Cybersecurity analyst Jordan Scott introduces a security analysis and risk management exercise using movie scenes at the ISSA Colorado Springs Cyber Focus Day.

Breaking into your own house is unnerving.

Why wasn’t that window locked? Why didn’t the alarm trip? Why didn’t the neighbors blink? It’s too easy.

For the same reasons, cybersecurity experts say, breaking into your own place is important in the cyber world. And that’s what white hat hackers are for.

White hat hacking (or ethical hacking) is breaking into computers and devices to test an organization’s defenses.

It’s one of “the most exciting IT jobs any person can be involved in,” chief security officer Roger Grimes wrote for CSO Online. “You are literally getting paid to keep up with the latest technology and get to break into computers without the threat of being arrested.”

And it’s the cyber version of “know your enemy,” Bob Withers told attendees at the ISSA Colorado Springs 6th Annual Cyber Focus Day.

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An ethical hacking expert who has “battled the dark side of the hacker force since the internet’s days of screens-that-are-green,” Withers has worked in cybersecurity for the U.S. State Department, major New York banks, tech firms, commercial enterprises, defense agencies and in academia.

“The bad guys are there to break in,” Withers said. “If we think like the bad guys, we will find the vulnerabilities and hopefully close them before the bad guys can actually take advantage of them.”

HACKING FOR DEFENSE

“Hacking for defense gets to be really important to know where your vulnerabilities are,” he added. “That’s where you allocate your budget and your manpower and your resources and your technologies — or you decide that you’re not going to carry out a business.

“Why do people on the dark side hack? For fun; for profit; being nasty,” Withers said. “And then there are the pros — the nation states.”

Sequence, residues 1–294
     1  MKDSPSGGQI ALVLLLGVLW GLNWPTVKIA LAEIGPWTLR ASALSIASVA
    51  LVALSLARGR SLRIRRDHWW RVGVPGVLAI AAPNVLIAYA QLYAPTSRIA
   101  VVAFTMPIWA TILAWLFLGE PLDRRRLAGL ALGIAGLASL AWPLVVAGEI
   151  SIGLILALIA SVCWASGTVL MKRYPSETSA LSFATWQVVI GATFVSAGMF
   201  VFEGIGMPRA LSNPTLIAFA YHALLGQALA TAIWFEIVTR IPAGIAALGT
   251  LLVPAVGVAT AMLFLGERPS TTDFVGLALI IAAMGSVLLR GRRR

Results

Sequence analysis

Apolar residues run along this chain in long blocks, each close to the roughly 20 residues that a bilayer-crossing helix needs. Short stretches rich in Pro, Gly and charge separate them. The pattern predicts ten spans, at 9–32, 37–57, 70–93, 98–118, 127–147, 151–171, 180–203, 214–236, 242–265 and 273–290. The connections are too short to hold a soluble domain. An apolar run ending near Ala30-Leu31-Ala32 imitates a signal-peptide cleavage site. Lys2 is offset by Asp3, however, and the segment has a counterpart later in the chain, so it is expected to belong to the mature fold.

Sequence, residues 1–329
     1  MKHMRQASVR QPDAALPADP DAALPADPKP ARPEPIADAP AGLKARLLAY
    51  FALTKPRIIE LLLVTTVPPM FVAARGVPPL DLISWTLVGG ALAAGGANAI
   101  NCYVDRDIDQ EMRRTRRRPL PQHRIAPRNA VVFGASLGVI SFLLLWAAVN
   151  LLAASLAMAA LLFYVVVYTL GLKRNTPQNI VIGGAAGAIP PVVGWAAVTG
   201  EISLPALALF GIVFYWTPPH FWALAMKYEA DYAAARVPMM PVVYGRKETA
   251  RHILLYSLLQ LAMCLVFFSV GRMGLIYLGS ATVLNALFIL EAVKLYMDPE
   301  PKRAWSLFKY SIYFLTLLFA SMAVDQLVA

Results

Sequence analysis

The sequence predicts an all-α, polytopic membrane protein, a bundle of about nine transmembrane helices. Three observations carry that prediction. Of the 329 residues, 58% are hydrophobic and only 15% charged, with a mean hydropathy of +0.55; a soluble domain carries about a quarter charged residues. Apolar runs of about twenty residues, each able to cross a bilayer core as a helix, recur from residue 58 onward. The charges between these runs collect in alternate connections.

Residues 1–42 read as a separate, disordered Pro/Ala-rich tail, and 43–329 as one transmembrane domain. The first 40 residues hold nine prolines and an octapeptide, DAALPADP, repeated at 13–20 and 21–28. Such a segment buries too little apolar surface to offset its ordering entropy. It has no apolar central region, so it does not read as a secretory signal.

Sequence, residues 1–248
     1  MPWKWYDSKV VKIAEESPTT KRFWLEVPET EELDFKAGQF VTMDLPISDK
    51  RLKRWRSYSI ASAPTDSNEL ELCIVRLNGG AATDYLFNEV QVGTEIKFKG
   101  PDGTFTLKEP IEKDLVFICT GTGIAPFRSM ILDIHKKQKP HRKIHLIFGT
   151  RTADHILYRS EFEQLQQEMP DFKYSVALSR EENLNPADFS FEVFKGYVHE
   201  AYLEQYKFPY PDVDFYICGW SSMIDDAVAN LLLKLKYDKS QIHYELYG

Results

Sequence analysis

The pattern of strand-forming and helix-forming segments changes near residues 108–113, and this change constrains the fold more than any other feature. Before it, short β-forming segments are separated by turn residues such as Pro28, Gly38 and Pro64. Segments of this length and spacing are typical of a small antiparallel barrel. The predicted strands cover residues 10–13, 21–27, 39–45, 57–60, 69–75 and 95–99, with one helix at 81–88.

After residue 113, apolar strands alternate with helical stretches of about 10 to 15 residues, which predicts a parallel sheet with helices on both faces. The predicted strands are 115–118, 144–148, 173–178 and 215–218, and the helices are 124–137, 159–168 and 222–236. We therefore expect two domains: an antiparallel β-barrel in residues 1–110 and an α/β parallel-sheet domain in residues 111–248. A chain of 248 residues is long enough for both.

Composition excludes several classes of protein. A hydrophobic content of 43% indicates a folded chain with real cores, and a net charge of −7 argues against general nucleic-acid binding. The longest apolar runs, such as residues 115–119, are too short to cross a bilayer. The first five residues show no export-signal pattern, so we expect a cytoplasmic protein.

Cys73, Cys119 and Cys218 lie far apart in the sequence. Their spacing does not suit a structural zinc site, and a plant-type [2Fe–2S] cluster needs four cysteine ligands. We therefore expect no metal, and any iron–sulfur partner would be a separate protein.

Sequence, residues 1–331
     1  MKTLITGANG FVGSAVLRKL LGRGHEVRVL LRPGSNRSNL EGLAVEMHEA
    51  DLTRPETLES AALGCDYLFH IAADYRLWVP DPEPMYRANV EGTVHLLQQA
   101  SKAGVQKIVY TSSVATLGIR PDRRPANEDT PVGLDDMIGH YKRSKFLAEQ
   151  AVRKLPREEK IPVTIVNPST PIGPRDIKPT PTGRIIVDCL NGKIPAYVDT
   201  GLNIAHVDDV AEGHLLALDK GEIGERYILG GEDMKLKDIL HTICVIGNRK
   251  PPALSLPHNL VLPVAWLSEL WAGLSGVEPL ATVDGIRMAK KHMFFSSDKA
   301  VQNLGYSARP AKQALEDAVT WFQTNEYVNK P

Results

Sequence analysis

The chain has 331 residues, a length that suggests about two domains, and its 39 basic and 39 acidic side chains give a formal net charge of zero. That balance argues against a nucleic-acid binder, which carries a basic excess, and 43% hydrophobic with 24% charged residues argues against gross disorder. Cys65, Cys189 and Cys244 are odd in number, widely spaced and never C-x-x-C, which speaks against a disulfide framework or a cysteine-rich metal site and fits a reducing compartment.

Every one of them is a threat, and having a certified ethical hacker examine your systems from their vantage point is critical.

“We worry, as engineers, about how to get things to work,” Withers said. “We want to prevent them from breaking — we want to prevent them from doing bad things so we patch, we harden, we remove unnecessary services. [But] the cybersecurity professional should be looking for the ways that broken things can be exploited.”

He used credit reporting giant Equifax as a cautionary example of what happens when vulnerabilities aren’t found and fixed.

“Equifax had a failure in their configuration control and management processes,” Withers said. “They knew that they needed to patch Apache Struts [an open-source web application framework] as part of their infrastructure — and they blew it. And 400 million people’s information got stolen.”

The best way for an organization to build good defenses is to try every avenue for breaking into its own network, and every trick for hijacking its own systems.

TESLA HACK

Some companies hire ethical hackers to identify these vulnerabilities; other times, white hat hackers find holes without being asked.